Richard Prince selects work by Maria Helena Vieira da Silva for new show at the Guggenheim, New York

The Guggenheim's first-ever artist-curated exhibition, 'Artistic License: Six Takes on the Guggenheim Collection' is inaugurated with Richard Prince as the first artist-curator to select works to show. Invited to explore the Guggenheim's extensive collection, the artists are able to discern their own interpretative strands and themes through the curatorial experience. Of the artists chosen by Prince is Portuguese-born émigré artist Maria Helena Vieira da Silva, whose work is the subject of our current exhibition.


Living in Paris, travelling to New York, Brazil and her native Lisbon, Maria Helena Vieira da Silva was an integral member of the post-war expressive abstract movement, yet was never confined to one singular style. Her nuanced paintings are imbued with geographical and stylistic subtleties, and preserve a liminal status concerning segregating movements. Prince, who has entitled his presentation Four Paintings Looking Right, endeavours to draw out comparable elements in paintings created by Abstract Expressionists between the 1940s and the 1960s, reflecting his perception of an interweaving dialogue which threads through the chosen works. Maria Helena Vieira da Silva is shown alongside Dubuffet, David Hammons and Willem de Kooning, amongst many others. Positioning Maria Helena Vieira da Silva alongside such varied modern and contemporary artists encapsulates how she possessed the ability to diffuse and assimilate varying styles into her own visual vocabulary. In creating an individual style, which both transgresses and utilises multiple facets from differing movements, da Silva's work retains longevity and contemporaneity, her work still resonates strongly with artists today, as well as with viewers.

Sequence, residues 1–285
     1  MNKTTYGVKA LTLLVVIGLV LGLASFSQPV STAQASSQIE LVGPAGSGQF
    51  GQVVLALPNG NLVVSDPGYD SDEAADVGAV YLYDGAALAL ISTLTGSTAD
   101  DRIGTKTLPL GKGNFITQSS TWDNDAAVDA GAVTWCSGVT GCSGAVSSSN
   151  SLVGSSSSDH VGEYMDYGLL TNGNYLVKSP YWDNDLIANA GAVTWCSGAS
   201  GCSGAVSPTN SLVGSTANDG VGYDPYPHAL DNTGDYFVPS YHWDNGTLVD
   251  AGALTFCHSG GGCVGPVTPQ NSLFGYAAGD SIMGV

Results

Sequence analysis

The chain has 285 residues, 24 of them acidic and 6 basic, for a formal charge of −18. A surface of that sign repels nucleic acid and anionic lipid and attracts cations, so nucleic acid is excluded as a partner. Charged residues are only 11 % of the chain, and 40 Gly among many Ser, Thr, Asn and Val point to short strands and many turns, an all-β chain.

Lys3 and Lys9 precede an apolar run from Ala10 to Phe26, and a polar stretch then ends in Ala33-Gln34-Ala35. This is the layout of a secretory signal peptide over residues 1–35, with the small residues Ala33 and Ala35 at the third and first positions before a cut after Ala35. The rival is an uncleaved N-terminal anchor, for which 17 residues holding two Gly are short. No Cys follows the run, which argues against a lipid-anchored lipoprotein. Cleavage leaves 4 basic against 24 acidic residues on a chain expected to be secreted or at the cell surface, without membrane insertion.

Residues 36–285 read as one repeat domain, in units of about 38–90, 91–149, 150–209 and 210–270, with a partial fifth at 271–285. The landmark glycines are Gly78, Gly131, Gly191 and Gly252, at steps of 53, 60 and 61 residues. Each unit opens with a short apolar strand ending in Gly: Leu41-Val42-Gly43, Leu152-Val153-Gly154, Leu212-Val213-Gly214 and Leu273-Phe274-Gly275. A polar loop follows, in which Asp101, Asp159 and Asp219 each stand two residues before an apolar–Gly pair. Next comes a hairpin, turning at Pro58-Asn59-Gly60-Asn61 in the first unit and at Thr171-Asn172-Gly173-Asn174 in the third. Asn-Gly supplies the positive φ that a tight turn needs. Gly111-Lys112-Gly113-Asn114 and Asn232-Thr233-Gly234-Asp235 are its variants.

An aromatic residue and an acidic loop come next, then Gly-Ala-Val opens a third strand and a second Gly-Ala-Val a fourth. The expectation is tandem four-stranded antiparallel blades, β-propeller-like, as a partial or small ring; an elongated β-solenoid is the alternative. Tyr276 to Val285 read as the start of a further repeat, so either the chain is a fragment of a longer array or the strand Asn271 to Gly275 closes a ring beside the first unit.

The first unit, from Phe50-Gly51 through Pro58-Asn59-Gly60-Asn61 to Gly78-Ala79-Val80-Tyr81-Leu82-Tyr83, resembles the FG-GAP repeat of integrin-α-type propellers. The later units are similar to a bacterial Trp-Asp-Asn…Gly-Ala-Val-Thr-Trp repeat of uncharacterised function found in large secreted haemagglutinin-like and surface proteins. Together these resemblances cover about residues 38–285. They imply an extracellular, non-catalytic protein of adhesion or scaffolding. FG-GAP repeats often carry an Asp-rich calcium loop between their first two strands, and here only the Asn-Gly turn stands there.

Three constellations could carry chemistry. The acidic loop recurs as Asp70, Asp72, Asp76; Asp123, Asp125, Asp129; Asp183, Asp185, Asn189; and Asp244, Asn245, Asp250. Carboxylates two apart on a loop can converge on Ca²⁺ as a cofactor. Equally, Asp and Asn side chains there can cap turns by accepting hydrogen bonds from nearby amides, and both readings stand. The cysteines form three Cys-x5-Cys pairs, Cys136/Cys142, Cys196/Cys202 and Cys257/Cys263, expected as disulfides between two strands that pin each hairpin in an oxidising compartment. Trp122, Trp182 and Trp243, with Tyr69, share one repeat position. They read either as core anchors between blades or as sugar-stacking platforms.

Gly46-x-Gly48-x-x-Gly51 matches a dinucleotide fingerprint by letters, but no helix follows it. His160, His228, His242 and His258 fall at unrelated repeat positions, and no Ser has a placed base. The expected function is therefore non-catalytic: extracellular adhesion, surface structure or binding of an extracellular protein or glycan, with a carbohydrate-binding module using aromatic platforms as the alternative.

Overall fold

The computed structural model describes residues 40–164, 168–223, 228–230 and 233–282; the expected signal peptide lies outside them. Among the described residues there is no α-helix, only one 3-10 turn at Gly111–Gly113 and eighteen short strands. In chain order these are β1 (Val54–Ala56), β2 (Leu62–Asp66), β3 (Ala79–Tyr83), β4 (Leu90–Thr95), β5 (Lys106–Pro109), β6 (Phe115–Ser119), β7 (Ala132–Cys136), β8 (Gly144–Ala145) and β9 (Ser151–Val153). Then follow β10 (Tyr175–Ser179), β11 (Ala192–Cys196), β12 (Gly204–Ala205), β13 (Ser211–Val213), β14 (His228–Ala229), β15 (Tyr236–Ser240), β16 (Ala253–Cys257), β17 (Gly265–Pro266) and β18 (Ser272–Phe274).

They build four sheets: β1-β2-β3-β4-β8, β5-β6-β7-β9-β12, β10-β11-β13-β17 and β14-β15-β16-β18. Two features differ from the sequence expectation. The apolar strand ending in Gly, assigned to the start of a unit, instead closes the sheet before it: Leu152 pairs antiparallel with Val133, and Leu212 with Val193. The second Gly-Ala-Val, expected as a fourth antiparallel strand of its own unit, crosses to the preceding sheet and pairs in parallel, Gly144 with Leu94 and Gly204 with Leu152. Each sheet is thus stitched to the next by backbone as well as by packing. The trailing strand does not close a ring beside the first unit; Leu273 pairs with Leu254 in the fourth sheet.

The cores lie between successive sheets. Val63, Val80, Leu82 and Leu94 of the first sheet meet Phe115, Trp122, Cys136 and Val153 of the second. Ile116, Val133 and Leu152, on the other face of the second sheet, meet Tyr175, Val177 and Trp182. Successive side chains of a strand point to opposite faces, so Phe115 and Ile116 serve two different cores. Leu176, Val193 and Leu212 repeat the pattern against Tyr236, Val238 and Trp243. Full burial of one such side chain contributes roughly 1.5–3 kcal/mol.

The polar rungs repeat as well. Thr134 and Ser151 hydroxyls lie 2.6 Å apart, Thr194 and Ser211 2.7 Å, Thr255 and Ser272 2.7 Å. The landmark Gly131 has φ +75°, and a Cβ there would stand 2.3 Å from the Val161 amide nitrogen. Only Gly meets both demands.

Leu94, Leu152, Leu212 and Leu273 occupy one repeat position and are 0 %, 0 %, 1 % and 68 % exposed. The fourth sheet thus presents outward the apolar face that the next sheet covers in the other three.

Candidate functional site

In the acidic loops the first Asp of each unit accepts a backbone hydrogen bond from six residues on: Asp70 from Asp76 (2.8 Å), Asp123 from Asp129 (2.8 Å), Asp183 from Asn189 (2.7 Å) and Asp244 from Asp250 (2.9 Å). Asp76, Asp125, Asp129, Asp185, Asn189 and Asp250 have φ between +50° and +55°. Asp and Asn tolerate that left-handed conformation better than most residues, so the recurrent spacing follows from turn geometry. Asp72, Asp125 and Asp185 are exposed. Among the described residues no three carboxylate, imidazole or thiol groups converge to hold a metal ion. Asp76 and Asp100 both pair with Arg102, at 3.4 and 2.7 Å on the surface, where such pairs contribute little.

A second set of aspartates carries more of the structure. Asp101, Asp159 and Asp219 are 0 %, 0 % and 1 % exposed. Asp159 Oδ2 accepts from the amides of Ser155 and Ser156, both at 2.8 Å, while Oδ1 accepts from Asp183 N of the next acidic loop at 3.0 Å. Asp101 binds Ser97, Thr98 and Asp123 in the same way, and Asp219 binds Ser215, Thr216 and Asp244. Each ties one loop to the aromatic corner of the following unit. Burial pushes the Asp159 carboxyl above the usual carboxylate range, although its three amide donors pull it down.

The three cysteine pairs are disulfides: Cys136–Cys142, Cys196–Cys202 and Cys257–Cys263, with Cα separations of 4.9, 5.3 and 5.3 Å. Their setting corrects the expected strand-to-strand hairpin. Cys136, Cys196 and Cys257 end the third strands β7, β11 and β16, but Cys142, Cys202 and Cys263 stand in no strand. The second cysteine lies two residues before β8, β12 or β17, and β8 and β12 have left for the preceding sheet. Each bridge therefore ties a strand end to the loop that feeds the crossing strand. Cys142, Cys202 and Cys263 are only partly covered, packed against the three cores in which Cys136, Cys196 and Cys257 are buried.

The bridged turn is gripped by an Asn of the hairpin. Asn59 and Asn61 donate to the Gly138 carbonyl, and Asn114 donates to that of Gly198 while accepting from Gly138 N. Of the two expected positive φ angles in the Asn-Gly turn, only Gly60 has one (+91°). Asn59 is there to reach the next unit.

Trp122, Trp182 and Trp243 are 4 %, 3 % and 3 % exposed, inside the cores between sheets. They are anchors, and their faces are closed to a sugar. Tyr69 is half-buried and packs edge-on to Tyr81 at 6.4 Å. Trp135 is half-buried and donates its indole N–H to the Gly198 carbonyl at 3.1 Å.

'Artistic License: Six Takes on the Guggenheim Collection' is on view until January 12th, 2020, at the Solomon R. Guggenheim Museum, New York.

You can see Maria Helena Vieira da Silva's unique paintings on display in our eponymous exhibition until 15th February, 2020. 

Dezembro 18, 2019